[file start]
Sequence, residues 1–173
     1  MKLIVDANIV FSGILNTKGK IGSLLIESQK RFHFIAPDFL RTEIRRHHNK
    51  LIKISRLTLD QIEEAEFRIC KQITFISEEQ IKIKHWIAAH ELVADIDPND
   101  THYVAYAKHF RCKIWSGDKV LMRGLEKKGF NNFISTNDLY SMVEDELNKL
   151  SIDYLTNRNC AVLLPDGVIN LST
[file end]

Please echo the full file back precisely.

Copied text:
Sequence, residues 1–173
     1  MKLIVDANIV FSGILNTKGK IGSLLIESQK RFHFIAPDFL RTEIRRHHNK
    51  LIKISRLTLD QIEEAEFRIC KQITFISEEQ IKIKHWIAAH ELVADIDPND
   101  THYVAYAKHF RCKIWSGDKV LMRGLEKKGF NNFISTNDLY SMVEDELNKL
   151  SIDYLTNRNC AVLLPDGVIN LST